Perspective: The Decline of OPEC
MARCH 01, 1986
The recent collapse in crude oil prices seems to have taken OPEC by surprise. Perhaps they would have been better prepared had they read University of Virginia Professor S. Fred Singer’s 1984 anthology, Free Market Energy. Addressing the question of “Future Oil Demand,” Singer wrote:
“Saudi Arabia and the other ‘core’ producers made two principal mistakes: (1) in 1979-80 they permitted the price of oil to rise; and (2) they did not bring it down right away . . . The Saudis apparently misjudged the degree of conservation the price rise would precipitate among consumer countries . . . .
“When consumers expect prices to rise, they will install insulation and other heat-saving devices or buy more fuel-efficient cars. Once the investments have been made, they are not likely to be reversed, even if oil prices go down. Industry has been particularly effective in making such changes, introducing new and efficient processes and replacing old machinery with energy-saving equipment, with particular emphasis on substituting other fuels for oil.”
Consumer sovereignty, more than any other factor, has reduced world oil prices to current levels.
The national debt recently topped $2 trillion, and is climbing ever higher. What does this mean for the average American? According to a recent study by the Tax Foundation, for every man, woman, and child in the United States, the Federal debt will reach $8,600 by the end of 1986, an increase of nearly $900 in a single year. This figure has quadrupled in little more than ten years.
What is the cause of this burgeoning debt? The study concludes:
“The debt grows because the American people are receiving government benefits, but passing on the costs of these goodies to future generations. More importantly, the debt is growing because interest charges on the debt are growing and the principal is not being repaid. In other words, more and more of the debt is caused by debt. And the process seems locked in an inescapable spiral.”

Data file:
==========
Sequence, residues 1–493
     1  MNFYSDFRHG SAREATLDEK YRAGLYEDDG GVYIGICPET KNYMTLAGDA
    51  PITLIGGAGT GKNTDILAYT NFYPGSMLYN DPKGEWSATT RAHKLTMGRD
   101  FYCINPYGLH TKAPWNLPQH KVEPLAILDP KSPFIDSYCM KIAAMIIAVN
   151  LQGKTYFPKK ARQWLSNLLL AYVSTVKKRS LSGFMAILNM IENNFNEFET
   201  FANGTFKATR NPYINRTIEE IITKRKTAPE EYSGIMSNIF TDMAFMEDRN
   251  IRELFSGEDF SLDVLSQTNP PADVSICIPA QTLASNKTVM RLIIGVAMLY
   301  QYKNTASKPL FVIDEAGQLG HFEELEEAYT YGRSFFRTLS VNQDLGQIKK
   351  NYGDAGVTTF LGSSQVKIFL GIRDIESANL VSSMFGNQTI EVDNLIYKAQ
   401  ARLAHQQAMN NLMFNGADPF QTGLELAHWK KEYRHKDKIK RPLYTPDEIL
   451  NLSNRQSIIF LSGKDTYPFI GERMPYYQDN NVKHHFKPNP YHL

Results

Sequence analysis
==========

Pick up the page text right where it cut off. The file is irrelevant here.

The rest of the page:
Thirty Years Ago
In the April 1956 Freeman, Leonard E. Read, founder and president of The Foundation for Economic Education, contributed his insightful essay, “On That Day Began Lies.” He started by quoting one of his favorite authors, Leo Tolstoy:
“From the day when the first members of councils placed exterior authority higher than interior, that is to say, recognized the decisions of men united in councils as more important and more sacred than reason and con science; on that day began the lies that caused the loss of millions of human beings and which continue their un happy work to the present day.”
These are powerful words, evoking images of Star Chambers, pogroms, and concentration camps. We Amer icans are inclined to feel safely removed from such proceedings. But coercion is often subtle, and when we act in a group, it is sometimes difficult to see the full import of our actions. Read brought the issue home with a parable he was to use in hundreds of FEE seminars:
Imagine this: Joe Doakes passed away and floated up to the Pearly Gates. He pounded on the Gates and St. Peter appeared.
“Who are you, may I ask?”
“My name is Joe Doakes, sir. I plead admittance.”
St. Peter scanned his scroll and said, “Yes, Joe, you are on my list. Sorry I can’t let you in. You stole money from others, including widows and orphans.”
“Mr. St. Peter, I had the reputation of being an honest man. What do you mean, I stole from widows and orphans?”
“Joe, you were a member, a financial supporter, and once on the Board of Directors of the Updale Do-Good Association. It advocated a municipal golf course in Updale which took money from widows and orphans in order to benefit you and a hundred other golfers.”
“Mr. St. Peter, that was The Up-dale Do-Good Association that took that action, not your humble applicant, Joe Doakes.”
St. Peter scanned his scroll again, slowly raised his head, and said somewhat sadly, “Joe, The Updale Do-Good Association is not on my list, nor any foundation, nor any chamber of commerce, nor any trade association, nor any labor union, nor any P.T.A., nor any church. All I have listed here are persons, just persons.”
How to stop the collectivized lies which threaten people everywhere? Read concluded:
“It is simply a matter of personal determination and a resolve to act and speak in strict accordance with one’s inner, personal dictate of what is right—and for each of us to see to it that no other man or set of men is given permission to represent us otherwise.”